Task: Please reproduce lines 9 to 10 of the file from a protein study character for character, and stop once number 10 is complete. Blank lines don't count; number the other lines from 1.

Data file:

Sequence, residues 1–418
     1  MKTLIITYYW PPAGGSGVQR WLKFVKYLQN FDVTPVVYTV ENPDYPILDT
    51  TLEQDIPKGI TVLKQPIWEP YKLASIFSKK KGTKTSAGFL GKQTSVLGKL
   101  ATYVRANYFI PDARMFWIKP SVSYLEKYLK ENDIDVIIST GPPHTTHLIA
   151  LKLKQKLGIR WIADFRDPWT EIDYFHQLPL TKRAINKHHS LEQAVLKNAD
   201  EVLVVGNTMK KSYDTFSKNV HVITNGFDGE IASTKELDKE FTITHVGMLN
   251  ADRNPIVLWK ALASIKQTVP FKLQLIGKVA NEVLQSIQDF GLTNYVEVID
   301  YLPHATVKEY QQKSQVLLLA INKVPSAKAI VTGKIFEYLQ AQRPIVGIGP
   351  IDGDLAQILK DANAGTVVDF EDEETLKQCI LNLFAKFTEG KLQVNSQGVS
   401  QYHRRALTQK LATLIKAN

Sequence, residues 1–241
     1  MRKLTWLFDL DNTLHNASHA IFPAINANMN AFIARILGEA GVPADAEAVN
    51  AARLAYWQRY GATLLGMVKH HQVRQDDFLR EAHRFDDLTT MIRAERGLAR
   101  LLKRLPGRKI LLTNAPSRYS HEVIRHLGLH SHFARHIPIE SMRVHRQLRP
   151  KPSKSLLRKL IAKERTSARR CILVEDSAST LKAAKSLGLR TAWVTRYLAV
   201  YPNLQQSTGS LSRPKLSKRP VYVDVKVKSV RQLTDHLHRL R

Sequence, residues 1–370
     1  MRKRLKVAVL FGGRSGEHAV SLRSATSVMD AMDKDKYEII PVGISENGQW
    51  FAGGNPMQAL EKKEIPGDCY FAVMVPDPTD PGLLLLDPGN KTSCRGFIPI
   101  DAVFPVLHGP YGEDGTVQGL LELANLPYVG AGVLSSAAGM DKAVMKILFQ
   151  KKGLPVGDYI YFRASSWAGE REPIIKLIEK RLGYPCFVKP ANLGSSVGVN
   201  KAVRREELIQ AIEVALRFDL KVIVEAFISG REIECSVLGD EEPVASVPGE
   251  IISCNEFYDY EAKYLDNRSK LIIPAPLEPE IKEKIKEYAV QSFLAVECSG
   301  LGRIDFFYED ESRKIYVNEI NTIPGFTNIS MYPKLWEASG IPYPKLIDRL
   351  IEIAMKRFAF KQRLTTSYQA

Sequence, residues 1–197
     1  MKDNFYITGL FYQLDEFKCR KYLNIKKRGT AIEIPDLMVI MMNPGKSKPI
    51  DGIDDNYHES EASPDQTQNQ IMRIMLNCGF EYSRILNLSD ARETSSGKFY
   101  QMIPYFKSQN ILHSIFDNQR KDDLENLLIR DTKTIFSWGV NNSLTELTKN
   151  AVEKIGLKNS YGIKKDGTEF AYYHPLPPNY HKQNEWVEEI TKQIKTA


   351  IDGDLAQILK DANAGTVVDF EDEETLKQCI LNLFAKFTEG KLQVNSQGVS
   401  QYHRRALTQK LATLIKAN